Interview: Rarely Asked Questions – Ian Stone

Ian Stone

To say that Ian Stone is a stalwart stand-up is an understatement. He has been a professional comedian for over two decades, taking full-length shows to the Edinburgh Festival and pacifying even the toughest of crowds in comedy clubs with his sharp wit and keen observational humour. In recent years Stone has become known for his sports-related work. He has been a regular on Arsenal’s podcast The Tuesday Club and has written for the club magazine. At the moment he has a much-deserved television gig on BT Sport on Friday nights at 10pm, The Football’s On, which mixes light-hearted fun with serious chat about the state of the game. His guest this Friday is Mark Steel.


1. What is the last thing you do before you go onstage?


Go to the loo and check my flies are done up



2. What irritates you?


Almost anything. People who don't put their oyster card on the reader until the person in front is completely through the gate, Reality TV, clutter, poor service in restaurants, adverts for gambling sites with Ray Winstone, films that are too loud. This is not an exhaustive list.


3. What is the most dangerous thing you have ever done?


I was 19 years old and I was walking down a street towards my mate's house when he pulled up in a car. It was full so he couldn't give me a lift but he offered to transport me slowly on the bonnet. Because I was 19 and an idiot I agreed. He then sped down the street and then broke really hard sending me flying off the car. It was stupidly dangerous.



4. What is the most stupid thing you have ever done?

See above


5. What has surprised you the most during your career in comedy? 


When I started, it was the fact that I could make a living doing it. Now, it's the fact that other doors seem to be opening just because I'm good at comedy.


6. What do your parents/children (delete as applicable) think of your job?


My parents don't really understand what I do. Which is ok because I've never really understood what they do either. As for my kids, they enjoy the benefits of me being a comic. They've traveeled to South Africa and New Zealand and been to various music festivals. As they get older, they appreciate it more.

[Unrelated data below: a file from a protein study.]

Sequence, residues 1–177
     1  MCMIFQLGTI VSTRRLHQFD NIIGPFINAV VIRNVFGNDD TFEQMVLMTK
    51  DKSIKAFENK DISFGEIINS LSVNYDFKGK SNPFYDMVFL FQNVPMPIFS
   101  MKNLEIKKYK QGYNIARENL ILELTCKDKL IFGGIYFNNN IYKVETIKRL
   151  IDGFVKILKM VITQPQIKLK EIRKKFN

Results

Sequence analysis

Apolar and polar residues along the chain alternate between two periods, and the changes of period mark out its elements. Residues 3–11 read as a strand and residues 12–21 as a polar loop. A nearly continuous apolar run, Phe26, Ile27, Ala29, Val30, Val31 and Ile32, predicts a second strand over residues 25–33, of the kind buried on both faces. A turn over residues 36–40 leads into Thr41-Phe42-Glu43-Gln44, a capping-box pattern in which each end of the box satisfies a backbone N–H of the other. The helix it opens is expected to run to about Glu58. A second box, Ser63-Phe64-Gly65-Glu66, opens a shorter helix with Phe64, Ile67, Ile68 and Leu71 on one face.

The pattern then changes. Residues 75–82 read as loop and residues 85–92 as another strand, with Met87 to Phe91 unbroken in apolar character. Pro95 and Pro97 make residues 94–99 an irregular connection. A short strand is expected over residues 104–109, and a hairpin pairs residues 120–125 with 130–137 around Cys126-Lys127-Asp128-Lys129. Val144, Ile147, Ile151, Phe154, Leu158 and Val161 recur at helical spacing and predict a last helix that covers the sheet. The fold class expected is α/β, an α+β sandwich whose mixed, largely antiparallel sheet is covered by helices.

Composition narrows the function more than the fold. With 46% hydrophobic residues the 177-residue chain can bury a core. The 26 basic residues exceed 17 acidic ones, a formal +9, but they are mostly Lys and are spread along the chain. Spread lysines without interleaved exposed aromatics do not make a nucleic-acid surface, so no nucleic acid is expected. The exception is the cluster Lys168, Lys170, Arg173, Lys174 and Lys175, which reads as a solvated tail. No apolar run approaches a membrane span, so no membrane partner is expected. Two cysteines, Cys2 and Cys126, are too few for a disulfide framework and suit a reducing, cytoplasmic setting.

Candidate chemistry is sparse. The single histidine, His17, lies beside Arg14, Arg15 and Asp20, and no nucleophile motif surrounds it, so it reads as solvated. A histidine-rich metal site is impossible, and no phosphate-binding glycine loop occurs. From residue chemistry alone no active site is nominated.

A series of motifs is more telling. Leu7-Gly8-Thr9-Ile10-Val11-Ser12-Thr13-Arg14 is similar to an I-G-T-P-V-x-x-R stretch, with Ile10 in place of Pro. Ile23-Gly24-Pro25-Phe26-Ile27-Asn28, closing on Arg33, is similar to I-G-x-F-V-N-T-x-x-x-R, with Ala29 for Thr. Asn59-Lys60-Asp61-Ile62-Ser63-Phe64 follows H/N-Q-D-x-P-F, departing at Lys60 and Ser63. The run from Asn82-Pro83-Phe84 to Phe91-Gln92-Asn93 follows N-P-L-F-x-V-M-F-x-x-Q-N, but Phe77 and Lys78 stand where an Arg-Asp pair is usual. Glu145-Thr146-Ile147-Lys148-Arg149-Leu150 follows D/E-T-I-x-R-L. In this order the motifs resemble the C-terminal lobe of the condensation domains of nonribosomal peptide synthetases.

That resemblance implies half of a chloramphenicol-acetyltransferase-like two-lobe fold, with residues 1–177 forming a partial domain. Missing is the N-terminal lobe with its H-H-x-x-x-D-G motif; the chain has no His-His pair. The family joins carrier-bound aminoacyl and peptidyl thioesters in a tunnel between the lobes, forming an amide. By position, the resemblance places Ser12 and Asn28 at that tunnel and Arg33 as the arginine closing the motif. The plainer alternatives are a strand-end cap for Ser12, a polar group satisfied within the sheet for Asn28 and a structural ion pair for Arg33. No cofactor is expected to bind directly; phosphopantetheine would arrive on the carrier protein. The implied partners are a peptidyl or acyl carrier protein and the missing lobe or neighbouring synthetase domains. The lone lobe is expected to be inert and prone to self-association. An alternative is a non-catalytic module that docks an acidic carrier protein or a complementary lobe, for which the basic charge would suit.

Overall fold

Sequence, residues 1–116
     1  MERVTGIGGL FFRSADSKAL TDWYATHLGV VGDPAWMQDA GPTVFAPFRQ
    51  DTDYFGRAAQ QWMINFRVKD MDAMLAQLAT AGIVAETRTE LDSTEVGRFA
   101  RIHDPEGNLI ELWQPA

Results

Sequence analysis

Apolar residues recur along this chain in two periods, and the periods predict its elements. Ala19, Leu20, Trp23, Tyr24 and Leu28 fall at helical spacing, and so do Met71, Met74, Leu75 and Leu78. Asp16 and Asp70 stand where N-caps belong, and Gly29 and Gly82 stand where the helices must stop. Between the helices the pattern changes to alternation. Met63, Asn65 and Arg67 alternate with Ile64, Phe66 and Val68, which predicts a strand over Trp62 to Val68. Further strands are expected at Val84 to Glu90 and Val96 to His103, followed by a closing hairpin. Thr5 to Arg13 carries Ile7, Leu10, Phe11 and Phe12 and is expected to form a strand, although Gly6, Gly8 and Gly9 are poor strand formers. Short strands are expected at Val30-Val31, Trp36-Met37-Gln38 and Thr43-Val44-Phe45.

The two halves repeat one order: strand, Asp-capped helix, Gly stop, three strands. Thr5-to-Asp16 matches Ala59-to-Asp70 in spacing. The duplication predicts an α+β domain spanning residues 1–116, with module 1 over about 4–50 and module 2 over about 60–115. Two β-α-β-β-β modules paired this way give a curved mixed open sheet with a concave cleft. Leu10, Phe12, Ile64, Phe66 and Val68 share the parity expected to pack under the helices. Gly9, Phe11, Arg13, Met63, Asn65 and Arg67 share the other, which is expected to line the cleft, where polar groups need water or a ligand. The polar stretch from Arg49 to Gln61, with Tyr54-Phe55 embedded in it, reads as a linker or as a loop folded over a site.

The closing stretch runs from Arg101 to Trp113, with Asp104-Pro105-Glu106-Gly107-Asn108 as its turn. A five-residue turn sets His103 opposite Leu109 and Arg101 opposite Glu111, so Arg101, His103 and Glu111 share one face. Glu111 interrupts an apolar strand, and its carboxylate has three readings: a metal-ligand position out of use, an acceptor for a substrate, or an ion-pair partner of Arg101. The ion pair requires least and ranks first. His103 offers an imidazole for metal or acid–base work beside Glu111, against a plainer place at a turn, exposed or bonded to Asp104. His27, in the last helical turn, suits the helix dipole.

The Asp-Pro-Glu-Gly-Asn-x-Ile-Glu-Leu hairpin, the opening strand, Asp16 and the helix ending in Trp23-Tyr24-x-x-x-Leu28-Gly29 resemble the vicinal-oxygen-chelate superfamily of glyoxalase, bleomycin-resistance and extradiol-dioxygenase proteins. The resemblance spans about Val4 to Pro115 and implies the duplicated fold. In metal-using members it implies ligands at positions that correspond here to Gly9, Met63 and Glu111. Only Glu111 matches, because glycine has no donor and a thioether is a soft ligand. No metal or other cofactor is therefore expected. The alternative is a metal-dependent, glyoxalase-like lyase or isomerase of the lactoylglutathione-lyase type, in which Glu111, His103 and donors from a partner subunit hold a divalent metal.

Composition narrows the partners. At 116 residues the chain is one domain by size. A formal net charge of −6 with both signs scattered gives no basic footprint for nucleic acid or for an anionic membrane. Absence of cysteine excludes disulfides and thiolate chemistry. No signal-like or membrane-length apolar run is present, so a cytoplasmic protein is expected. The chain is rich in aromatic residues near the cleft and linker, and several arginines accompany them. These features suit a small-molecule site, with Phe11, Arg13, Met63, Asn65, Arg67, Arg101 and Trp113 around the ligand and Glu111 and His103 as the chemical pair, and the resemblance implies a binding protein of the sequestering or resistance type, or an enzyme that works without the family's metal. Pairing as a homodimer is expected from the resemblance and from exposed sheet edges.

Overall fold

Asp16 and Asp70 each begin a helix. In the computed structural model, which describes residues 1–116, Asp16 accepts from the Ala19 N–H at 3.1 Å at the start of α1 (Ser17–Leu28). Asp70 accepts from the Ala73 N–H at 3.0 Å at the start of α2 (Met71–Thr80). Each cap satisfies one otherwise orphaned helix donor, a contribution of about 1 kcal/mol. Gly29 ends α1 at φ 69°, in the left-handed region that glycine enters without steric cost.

7. What’s the worst thing about being a comedian?


I've sometimes gone back to a fairly basic hotel after a tough gig and questioned why I do stand up. Also, waiting to be paid money I'm owed


8. I think you are very good at what you do (that’s why I’m asking these questions). What do you think of you?


I veer from feeling like I'm the best stand up in the world to feeling like i will never again be able to write or tell a joke. Often in the same evening. Overall, I think I'm really good (I've been doing it for twenty three years and I still love it) but most weeks I'll see someone who makes me think that there's plenty of room for improvement.


9. How much do you earn and how much would you like to earn?


I earn way more than I thought I ever would. Of course I'd like to earn more but who wouldn't?


10. How important is luck in terms of career success – have you had lucky breaks?


Luck is important but it's more about what you do with the breaks when they happen. I've had a few lucky breaks although I subscribe to the Arnold Palmer theory that the more I practice, the luckier I get.


11. Alan Davies has said that comedians fall into two categories - golfers and self-harmers. The former just get on with life, the latter are tortured artists. Which are you – or do you think you fit into a third category?


I would be a golfer most of the time but I have been known to self harm on occasion. I think even the most avid golfers have their moments of self doubt



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